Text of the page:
Sunday, July 10, 2011

Bullet Points: Slow Sunday Edition

Stephen Bowie of The Classic TV History Blog has posted an excellent recap of efforts to bring Ed McBain’s 87th Precinct novels to television.

• Coincidentally, Sergio at Tipping My Fedora has taken up the challenge of “review[ing] each and every one of the 87th Precinct mysteries written by Ed McBain.” Click here to find his critique of the first book, Cop Hater (1956).

• Wow, talk about obscure TV shows: Michael Shonk looks back at T.H.E. Cat, a 1966-1967 series about a professional cat burglar turned professional bodyguard. Robert Loggia (who, much later, would star in Mancuso, FBI) played the title character, Thomas Hewitt Edward (T.H.E.) Cat. Whether you remember
this program or not, you will probably enjoy seeing the opening credits--with theme music by Lalo Schifrin--which I’ve embedded at left.

Here’s the trailer for the fall-release film Tinker, Tailor, Soldier, Spy, based on John le Carré’s 1974 thriller of the same name, and starring Gary Oldman. As Double O Section blogger Tanner writes, “I love this trailer. I love the tone, I love the music, I love the hints we get of the performances, I love the cinematography, I love the art direction, I love the Seventies fashions and hairstyles; I love pretty much everything about it. This is exactly what a spy movie of this sort should look like!”

Congratulations to Houston, Texas, technical writer Scott D. Parker, who is joining the editorial staff of the Webzine Beat to a Pulp.

• Omnimystery News has put up two posters for the upcoming (in December 2011) film Sherlock Holmes: A Game of Shadows, a sequel to 2009’s Sherlock Holmes, starring Robert Downey Jr., Jude Law, and the fetching Rachel McAdams.

• Jake Hinkson pens an ode to “noir’s indispensible dame,” Ida Lupino.

• John Lutz recalls his splendid Fred Carver series.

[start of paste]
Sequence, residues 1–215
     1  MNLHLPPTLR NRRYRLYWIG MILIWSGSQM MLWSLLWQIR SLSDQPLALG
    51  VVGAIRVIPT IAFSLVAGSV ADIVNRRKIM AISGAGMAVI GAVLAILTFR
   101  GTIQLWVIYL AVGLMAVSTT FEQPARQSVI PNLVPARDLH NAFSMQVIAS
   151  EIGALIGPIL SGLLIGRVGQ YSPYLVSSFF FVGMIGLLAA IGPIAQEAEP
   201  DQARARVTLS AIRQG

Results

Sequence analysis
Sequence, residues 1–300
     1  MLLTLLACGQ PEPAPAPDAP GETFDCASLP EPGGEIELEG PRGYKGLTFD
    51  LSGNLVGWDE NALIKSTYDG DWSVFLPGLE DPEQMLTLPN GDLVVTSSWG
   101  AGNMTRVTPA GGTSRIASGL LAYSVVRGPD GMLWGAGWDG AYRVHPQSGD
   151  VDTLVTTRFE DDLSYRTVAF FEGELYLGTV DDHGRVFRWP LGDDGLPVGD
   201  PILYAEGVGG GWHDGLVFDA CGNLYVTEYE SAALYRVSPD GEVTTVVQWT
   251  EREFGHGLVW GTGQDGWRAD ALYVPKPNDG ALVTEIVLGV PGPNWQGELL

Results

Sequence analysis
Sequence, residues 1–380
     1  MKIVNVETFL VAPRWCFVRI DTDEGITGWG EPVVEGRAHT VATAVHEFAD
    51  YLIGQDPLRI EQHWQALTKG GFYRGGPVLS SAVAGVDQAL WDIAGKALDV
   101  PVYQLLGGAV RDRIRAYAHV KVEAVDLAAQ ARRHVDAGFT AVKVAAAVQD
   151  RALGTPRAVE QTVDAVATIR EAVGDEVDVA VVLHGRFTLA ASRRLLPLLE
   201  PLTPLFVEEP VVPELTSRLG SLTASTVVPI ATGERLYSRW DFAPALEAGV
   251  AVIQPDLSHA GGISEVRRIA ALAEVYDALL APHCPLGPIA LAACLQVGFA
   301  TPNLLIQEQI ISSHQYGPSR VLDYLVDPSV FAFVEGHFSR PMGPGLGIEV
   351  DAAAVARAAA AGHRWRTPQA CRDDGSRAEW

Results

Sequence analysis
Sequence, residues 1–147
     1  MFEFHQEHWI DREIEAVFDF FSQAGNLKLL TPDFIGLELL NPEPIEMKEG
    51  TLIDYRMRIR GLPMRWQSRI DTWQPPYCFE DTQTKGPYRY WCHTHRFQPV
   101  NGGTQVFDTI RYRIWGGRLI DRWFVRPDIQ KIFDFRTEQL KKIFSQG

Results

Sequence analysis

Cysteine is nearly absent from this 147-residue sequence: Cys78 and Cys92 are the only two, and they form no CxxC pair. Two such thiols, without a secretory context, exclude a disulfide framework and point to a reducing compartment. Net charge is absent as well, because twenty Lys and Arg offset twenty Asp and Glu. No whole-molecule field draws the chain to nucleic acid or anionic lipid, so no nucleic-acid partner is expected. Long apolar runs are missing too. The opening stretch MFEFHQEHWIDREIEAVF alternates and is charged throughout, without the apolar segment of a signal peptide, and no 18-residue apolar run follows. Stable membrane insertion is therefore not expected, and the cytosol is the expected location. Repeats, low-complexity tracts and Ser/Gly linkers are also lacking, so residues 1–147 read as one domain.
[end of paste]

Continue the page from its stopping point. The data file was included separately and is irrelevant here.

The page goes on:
• Nominations have been announced for this year’s David Award, named in memory of David G. Sasher and given out during the annual Deadly Ink conference in Parsippany, New Jersey. Voting for a winner will take place during the convention.

• The Romance Writers of America has released its list of Daphne du Maurier Award winners for 2011. A full list of nominees is here.

• This week’s new short-story offering in Beat to a Pulp is “A Glutton for Punishment,” by New Jersey writer Thomas Pluck.

Beautiful ruins from around the world. I’m especially intrigued by Bannerman’s Castle on New York’s Hudson River. It looks worth a stop, the next time I’m in that area.

• PBS-TV’s Masterpiece Mystery! series, which next weekend will debut a three-episode adaptation of Michael Dibdin’s Aurelio Zen novels, has another treat in store, as well. In October, turn to Masterpiece Mystery! for a miniseries based on Kate Atkinson’s Case Histories.

• British critic Barry Forshaw previews the coming crop of English-translated crime and mystery novels from Norway, including works by Karin Fossum, Anne Holt, “and a writer who has created a massive pre-publication fever, Thomas Enger.”

• By the way, Forshaw is writing his own book about Scandinavian crime fiction, Death in a Cold Climate, due out sometime early next year.

• Karen Meek previews three more Scandinavian novels for August.

• Part XXIV of “Black Lens,” the Ken Bruen-Russell Ackerman serial tale, has been posted at the Mulholland Books site.

• While you’re over there, check out Megan Abbott’s essay about her longtime attraction to fiction backdropped by suburbia--which also happens to be the setting for her dark new novel, The End of Everything. More from Abbott about her inspiration for this book can be read in the blog written by her mother, Patti Abbott.

• Classic Film and TV Café chooses its five favorite episodes of Mission: Impossible, spread across that show’s original seven seasons.

Riding book publishing’s new crime wave.

• An interview worth reading: Vince Keenan’s conversation with Bill Crider, author of the new Dan Rhodes mystery, The Wild Hog Murders.

How ideology stops Republicans from compromising.

• And Tess Gerritsen, author of the Jane Rizzoli series, writes in The Week about her six favorite novels featuring female sleuths. (Hat tip to Campaign for the American Reader.)


ROBIN said...

London calling! Must recommend Zen, which is very stylish and enjoyable. Sadly, after the first three were shown, the BBC got a new controller, who promptly cancelled it. His reason? Too many male-dominated crime series…


Winifred said...

Totally agree with Robin. Wonderful actors, great locations, dry witty scripts and so on.
I loved Zen and got hooked on the books. Can't believe the BBC aren't going for another series. It was about the best Sunday night telly drama they've had for donkeys. New controller? No! New bloke who wants all his own shows. Shades of the daft chap that axed the brilliant Harry O series.

Fred Zackel said...

T.H.E. Cat was a great show. For its time, it had great fights. Great bars and coffeeshops as sets. Fine background music. And Loggia is still cool.